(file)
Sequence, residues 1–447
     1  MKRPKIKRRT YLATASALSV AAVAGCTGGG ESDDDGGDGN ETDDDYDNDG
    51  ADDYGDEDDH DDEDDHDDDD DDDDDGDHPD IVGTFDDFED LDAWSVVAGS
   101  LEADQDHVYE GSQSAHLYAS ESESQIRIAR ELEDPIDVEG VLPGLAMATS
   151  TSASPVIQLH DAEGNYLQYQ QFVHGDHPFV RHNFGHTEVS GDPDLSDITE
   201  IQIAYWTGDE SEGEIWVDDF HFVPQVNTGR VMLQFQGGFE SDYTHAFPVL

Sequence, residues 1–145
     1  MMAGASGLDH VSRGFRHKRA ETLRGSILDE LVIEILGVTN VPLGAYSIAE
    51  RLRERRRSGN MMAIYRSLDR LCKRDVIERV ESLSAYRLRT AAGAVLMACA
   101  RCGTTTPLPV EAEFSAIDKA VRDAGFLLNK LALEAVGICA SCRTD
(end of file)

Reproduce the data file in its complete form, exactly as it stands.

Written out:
Sequence, residues 1–447
     1  MKRPKIKRRT YLATASALSV AAVAGCTGGG ESDDDGGDGN ETDDDYDNDG
    51  ADDYGDEDDH DDEDDHDDDD DDDDDGDHPD IVGTFDDFED LDAWSVVAGS
   101  LEADQDHVYE GSQSAHLYAS ESESQIRIAR ELEDPIDVEG VLPGLAMATS
   151  TSASPVIQLH DAEGNYLQYQ QFVHGDHPFV RHNFGHTEVS GDPDLSDITE
   201  IQIAYWTGDE SEGEIWVDDF HFVPQVNTGR VMLQFQGGFE SDYTHAFPVL

Sequence, residues 1–145
     1  MMAGASGLDH VSRGFRHKRA ETLRGSILDE LVIEILGVTN VPLGAYSIAE
    51  RLRERRRSGN MMAIYRSLDR LCKRDVIERV ESLSAYRLRT AAGAVLMACA
   101  RCGTTTPLPV EAEFSAIDKA VRDAGFLLNK LALEAVGICA SCRTD